By Steve Weinstein
By Bryan Bierman
By Lindsey Rhoades
By Chaz Kangas
By Ben Westhoff and Sarah Purkrabek
By Jena Ardell
By Jesse Sendejas Jr.
By Katherine Turman
After years of leading formidable bands to the margins of wide recognition, it seems like something of a surrender for Gary Louris to put his name, alone, on the marquee. Its not that his pet projects have been ignored: The Jayhawks, a band he co-founded, are still of primary import to the ever more depressingly stagnant No Depression scene, while Golden Smog, for which he was chief organizer and most reliable songwriter, were modern Americana's closest approximation of a dream team. But wanna talk about "always the bridesmaid"? To date, Louris's biggest renown probably came when the Jayhawks' "Blue" became the theme song to VH1's ill-fated Crossroads show.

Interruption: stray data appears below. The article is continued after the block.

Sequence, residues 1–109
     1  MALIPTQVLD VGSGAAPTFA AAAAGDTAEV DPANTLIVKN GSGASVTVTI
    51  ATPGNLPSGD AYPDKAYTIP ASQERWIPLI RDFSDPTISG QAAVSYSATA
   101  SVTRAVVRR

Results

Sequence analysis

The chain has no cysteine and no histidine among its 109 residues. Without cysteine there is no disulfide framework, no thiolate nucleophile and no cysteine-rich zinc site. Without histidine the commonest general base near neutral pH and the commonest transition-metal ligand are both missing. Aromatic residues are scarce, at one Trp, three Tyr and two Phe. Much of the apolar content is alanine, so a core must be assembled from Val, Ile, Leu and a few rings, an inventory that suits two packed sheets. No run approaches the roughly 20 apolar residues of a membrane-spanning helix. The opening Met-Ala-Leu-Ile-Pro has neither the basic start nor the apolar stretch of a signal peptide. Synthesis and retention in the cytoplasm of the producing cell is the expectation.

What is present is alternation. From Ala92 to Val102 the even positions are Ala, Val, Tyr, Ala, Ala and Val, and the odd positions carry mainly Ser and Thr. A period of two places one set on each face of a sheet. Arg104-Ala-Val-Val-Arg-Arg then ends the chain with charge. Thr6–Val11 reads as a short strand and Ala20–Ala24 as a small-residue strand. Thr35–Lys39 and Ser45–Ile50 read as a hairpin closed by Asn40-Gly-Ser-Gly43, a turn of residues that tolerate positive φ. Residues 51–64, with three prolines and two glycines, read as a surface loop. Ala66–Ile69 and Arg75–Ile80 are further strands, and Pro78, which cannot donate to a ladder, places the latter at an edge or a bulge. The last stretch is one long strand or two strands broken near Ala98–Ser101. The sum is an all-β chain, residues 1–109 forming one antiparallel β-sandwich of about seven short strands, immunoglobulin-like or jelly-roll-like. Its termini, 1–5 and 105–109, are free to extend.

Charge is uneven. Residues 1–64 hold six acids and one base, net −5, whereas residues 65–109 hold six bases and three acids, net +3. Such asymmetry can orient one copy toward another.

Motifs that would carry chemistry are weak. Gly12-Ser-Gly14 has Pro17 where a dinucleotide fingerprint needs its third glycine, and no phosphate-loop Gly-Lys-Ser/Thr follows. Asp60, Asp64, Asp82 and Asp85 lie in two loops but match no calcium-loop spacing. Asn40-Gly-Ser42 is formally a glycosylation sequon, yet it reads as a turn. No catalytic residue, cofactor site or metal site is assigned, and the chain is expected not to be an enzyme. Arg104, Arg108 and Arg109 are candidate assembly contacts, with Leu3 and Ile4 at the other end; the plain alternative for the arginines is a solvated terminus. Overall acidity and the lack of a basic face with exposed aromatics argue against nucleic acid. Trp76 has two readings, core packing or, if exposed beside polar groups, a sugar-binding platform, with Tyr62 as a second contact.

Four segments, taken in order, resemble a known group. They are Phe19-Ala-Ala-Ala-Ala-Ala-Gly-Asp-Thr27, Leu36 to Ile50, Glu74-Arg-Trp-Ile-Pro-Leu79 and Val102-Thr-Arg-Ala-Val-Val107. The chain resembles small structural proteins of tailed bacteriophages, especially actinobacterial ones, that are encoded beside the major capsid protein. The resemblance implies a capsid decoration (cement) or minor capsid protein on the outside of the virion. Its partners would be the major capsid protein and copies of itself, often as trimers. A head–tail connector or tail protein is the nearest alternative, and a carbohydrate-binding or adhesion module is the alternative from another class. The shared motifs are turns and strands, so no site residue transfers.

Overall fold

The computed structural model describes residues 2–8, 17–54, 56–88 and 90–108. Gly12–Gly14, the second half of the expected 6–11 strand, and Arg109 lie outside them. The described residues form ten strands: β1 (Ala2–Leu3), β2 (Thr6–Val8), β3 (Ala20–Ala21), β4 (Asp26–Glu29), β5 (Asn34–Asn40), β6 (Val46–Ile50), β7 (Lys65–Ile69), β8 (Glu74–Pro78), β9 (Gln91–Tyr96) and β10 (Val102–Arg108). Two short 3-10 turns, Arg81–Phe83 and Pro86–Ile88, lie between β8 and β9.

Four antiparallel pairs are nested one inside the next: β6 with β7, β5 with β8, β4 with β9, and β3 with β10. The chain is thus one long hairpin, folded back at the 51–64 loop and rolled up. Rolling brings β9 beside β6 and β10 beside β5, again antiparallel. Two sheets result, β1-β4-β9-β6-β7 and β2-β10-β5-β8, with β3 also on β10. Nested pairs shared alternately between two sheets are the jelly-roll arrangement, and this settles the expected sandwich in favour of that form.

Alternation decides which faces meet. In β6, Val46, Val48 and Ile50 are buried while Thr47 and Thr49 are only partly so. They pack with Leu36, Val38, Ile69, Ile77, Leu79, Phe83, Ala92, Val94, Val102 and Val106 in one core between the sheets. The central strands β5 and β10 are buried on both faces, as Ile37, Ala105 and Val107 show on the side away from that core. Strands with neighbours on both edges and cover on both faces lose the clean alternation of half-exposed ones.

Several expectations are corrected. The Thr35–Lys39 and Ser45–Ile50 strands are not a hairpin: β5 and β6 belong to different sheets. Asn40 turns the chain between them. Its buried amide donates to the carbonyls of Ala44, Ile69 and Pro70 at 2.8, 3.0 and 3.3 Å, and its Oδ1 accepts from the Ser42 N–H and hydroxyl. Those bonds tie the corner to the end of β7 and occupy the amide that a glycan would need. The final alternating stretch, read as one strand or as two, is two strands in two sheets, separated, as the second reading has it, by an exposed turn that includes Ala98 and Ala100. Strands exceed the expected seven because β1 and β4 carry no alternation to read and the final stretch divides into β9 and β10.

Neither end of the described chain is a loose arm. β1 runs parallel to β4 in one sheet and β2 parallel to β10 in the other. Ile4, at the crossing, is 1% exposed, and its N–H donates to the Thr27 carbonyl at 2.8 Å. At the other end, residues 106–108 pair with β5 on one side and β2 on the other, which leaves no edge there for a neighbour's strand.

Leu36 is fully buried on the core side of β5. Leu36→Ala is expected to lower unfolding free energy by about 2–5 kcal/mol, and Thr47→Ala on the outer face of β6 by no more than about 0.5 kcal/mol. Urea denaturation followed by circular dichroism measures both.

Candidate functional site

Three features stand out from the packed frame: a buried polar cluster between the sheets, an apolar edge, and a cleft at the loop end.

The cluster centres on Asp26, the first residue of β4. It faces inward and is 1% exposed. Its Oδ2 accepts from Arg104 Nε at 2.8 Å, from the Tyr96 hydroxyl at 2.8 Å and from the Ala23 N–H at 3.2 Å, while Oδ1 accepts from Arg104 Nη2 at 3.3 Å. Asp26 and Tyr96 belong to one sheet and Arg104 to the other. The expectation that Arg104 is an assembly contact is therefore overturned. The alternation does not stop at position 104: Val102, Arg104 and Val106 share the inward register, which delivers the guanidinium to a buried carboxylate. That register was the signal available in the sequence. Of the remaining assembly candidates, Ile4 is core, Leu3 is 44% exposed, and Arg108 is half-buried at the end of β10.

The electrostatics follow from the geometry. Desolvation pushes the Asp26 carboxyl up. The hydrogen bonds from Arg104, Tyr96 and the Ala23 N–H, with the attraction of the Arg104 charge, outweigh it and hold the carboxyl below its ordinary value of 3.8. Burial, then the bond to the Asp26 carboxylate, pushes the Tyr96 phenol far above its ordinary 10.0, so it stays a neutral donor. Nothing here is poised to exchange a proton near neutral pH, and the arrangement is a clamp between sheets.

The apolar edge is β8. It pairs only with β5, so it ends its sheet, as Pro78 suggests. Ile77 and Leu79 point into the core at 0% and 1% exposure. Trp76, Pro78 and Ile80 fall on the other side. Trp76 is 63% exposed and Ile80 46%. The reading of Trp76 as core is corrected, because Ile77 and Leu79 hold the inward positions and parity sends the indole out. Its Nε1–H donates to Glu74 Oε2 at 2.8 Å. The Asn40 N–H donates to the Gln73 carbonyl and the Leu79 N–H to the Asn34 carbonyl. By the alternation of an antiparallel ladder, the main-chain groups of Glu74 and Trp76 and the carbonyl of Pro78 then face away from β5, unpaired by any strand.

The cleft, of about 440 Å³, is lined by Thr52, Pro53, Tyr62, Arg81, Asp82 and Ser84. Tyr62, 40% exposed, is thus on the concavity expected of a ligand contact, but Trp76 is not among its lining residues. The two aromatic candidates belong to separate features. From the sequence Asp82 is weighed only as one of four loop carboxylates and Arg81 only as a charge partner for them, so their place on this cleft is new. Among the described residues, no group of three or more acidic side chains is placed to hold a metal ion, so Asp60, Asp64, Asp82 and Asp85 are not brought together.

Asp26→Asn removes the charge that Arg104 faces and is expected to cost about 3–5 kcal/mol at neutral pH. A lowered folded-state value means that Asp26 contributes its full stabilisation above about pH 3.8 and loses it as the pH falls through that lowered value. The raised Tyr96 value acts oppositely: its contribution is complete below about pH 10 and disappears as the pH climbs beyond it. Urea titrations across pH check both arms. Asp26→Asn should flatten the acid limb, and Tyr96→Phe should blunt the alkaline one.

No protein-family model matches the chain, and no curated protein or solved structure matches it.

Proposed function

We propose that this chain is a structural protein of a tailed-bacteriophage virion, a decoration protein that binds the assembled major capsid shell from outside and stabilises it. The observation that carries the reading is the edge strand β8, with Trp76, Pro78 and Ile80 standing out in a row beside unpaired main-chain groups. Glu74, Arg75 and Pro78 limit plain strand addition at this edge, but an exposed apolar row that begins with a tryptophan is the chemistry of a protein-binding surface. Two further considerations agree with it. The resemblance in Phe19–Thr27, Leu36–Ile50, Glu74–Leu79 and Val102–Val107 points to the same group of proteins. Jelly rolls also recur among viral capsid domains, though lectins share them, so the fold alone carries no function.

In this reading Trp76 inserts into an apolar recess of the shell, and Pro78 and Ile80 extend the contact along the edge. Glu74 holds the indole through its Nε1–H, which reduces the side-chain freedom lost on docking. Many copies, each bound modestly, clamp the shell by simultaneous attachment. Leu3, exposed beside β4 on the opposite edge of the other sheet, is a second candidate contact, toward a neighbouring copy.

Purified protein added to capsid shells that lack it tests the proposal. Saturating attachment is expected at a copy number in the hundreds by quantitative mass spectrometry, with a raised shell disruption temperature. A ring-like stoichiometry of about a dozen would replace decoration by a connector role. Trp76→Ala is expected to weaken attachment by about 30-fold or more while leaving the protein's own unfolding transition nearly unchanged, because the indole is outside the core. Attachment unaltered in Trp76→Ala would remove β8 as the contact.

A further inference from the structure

Still, if the bad news is that the man's name recognition ranks somewhere near Russ Kunkel's, at least Louris now feels comfortable commanding this loosely themed record (see the title) that sounds years in the making. Start, appropriately, with "Vagabonds," as elegant and sprawling as any bit of folk-rock he's ever recorded, wherein Louris nods to his cathartic solitude by adding "folkie singers with cold harmonicas" to his list of Camaro-driving, weed-harvesting loners who you can't help but cheer for. (In case you need him to spell it out for you, a harmonica solo comes next.) If Vagabonds' other themes are of a piece with late-period Jayhawks—painted with a Wildflowers—era Tom Petty palette and utilizing characters dressed in well-worn denim—the sensitivity and depth with which Louris sketches them is wholly invigorating. As his slackers toke ("I Wanna Get High"), skip town ("Omaha Nights"), and even meet their maker ("To Die a Happy Man"), they manage to be redeeming, even when they don't do as well as we wish they might. Quietly, it all amounts to a beautiful autobiography for the singer himself.
Gary Louris plays Town Hall April 2, the-townhall-nyc.com.